Most ambulance services – either private for-profit companies or non-profit 501(c)(3) organizations – that employ not more than 500 employees, including tribal ambulance services, are eligible. Combination career/volunteer ambulance services would also be eligible as they incur payroll costs. Government-operated ambulance services are not eligible for the program.

How much can be borrowed under the Payroll Protection Plan?

The maximum amount available to borrow for each ambulance service is 2.5 times its average total monthly payroll costs, not to exceed $10 million (compensation paid to an employee in excess of $100,000 annually may not be used in the calculation).

  • Small Service Example. No employees make more than $100,000
    • Annual payroll: $120,000
    • Average monthly payroll: $10,000
    • Multiply by 2.5 = $25,000
    • Maximum loan amount is $25,000
  • Mid-sized Service Example. Some employees make more than $100,000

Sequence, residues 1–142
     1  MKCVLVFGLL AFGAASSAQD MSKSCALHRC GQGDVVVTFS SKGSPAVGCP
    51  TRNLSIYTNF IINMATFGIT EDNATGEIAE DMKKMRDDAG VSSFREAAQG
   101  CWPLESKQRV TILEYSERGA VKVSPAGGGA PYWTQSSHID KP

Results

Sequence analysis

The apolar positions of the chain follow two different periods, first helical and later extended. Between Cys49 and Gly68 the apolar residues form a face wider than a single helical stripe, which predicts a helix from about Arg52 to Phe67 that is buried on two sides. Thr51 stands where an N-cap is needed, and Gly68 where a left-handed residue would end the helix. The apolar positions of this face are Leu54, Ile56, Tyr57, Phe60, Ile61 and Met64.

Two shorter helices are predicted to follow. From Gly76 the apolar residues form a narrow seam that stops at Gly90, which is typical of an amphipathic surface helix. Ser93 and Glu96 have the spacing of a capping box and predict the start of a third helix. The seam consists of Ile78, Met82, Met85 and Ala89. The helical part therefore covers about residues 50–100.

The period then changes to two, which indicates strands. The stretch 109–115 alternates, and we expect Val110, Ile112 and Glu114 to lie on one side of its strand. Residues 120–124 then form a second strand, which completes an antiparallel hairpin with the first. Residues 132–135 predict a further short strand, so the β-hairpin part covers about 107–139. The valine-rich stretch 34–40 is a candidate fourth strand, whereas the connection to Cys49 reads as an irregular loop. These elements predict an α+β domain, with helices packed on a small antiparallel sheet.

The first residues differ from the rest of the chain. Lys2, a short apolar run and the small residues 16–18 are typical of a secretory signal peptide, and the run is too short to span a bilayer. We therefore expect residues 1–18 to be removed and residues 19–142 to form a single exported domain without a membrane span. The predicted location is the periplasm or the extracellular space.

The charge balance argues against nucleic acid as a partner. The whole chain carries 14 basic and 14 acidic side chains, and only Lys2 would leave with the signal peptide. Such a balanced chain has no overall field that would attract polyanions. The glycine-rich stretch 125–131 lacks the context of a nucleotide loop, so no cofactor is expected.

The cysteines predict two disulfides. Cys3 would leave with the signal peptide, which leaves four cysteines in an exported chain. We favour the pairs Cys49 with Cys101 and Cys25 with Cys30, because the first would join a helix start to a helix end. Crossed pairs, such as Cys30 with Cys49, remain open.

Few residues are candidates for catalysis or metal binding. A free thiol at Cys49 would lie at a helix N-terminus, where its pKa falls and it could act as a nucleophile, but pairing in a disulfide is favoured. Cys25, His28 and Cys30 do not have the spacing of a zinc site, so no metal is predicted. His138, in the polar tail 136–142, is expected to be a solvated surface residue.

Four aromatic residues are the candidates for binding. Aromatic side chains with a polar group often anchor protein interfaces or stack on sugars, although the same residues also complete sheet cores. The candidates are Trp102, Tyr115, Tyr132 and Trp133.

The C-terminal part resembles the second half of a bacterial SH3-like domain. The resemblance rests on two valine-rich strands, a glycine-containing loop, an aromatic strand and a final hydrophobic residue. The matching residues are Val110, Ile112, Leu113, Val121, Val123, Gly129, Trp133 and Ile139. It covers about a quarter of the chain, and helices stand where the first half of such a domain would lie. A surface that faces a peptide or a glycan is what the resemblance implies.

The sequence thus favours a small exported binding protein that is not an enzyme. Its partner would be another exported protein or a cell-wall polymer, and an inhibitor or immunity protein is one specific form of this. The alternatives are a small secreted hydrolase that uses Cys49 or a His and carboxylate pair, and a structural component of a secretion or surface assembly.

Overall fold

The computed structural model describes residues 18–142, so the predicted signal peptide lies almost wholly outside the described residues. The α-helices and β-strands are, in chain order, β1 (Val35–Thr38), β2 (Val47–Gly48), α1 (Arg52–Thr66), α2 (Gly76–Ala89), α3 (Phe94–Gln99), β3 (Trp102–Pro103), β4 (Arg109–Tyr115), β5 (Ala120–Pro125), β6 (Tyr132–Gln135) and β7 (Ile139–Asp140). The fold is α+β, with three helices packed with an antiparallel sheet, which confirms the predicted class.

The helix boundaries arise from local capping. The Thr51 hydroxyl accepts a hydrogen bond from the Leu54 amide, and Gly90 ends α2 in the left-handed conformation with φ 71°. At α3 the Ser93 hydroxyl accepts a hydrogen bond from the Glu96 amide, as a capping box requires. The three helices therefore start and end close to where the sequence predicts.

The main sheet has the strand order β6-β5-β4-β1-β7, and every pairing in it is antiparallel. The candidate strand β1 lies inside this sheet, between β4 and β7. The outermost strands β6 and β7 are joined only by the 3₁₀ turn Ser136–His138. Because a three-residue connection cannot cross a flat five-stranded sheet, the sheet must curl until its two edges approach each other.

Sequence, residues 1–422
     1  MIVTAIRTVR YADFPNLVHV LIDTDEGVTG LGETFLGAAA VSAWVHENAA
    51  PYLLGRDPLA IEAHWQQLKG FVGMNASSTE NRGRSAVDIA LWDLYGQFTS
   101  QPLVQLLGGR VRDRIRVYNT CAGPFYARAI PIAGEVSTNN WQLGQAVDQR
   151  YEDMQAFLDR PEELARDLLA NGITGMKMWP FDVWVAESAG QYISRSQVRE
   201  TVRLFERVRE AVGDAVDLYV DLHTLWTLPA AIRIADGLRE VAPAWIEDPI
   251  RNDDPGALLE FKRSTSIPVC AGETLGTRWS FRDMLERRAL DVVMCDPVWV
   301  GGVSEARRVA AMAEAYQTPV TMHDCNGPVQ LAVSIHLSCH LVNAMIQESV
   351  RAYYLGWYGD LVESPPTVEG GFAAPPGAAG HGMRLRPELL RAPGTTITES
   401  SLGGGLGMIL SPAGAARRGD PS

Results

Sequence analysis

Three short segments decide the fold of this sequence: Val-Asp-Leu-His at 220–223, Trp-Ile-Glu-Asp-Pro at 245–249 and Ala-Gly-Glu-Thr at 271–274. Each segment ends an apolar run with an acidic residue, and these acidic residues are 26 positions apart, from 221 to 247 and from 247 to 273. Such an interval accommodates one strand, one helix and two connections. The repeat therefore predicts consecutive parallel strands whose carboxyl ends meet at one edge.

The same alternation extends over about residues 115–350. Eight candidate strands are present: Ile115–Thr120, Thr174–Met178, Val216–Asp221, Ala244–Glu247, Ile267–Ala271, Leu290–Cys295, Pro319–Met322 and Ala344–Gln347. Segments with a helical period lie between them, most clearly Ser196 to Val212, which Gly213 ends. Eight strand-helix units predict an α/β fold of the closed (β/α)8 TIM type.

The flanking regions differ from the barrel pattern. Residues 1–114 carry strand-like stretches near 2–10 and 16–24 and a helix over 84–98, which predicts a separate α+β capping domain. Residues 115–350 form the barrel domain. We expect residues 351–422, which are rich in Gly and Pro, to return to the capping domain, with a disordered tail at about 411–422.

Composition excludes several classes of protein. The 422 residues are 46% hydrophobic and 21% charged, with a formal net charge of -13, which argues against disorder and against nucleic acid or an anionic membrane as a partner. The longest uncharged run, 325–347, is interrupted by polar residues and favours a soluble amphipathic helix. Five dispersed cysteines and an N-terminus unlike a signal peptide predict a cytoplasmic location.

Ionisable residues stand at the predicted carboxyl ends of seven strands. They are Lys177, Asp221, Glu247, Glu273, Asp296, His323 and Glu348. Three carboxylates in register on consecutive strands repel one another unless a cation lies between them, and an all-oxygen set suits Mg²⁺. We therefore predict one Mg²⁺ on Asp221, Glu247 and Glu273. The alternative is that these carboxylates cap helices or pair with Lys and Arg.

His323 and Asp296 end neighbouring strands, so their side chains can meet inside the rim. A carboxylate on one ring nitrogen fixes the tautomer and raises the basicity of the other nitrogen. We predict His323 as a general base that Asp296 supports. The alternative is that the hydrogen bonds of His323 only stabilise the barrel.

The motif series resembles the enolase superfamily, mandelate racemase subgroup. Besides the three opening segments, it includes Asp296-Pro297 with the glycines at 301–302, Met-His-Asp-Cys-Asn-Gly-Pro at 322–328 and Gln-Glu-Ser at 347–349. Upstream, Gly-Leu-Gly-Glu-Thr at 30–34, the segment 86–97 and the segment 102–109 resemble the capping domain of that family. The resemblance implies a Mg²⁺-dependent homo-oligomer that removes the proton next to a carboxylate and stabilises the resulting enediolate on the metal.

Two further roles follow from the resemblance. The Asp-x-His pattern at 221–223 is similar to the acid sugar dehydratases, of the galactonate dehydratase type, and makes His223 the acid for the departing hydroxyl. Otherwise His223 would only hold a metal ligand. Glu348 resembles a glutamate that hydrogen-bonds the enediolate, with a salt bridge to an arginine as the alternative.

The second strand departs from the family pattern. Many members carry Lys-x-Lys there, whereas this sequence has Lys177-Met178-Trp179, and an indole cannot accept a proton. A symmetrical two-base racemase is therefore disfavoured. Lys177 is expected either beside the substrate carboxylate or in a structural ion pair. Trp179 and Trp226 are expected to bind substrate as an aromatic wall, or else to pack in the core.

• Annual payroll: $1,500,000
    • After subtracting out salaries in excess of $100,000: $1,200,000
    • Average monthly qualifying payroll: $100,000
    • Multiply by 2.5 = $250,000
    • Maximum loan amount is $250,000

What can the Payroll Protection Plan loan be used for?

The loans may be used for the following expenses from Feb. 15, 2020 through June 30, 2020:

  • Payroll costs
  • Costs related to the continuation of group healthcare benefits during periods of paid sick, medical or family leave, and insurance premiums
  • Employee compensation
  • Mortgage interest obligations (but not principal)
  • Rent and utilities
  • Interest on debt incurred prior to the loan
  • Refinancing of certain Small Business Administration (SBA) loans made between Jan. 31, 2020 and Apr. 3, 2020

The Interim Final Rule published Apr. 2, 2020, clarifies that at least 75% of the loan amount must be used for payroll costs.

Can the Payroll Protection Plan loan be forgiven?

Yes. A borrower is eligible for loan forgiveness up to the full amount of the loan and any accrued interest for costs incurred and payments made during the 8-week period after the origination date of the loan, provided proper documentation can be provided on: on:

  • Payroll costs
  • Mortgage interest on mortgages that had been in place prior to Feb. 15, 2020
  • Certain rent costs that had been in place before Feb. 15, 2020, and
  • Certain utility costs (electricity, gas, water, transportation, telephone, or internet) that began before Feb. 15, 2020.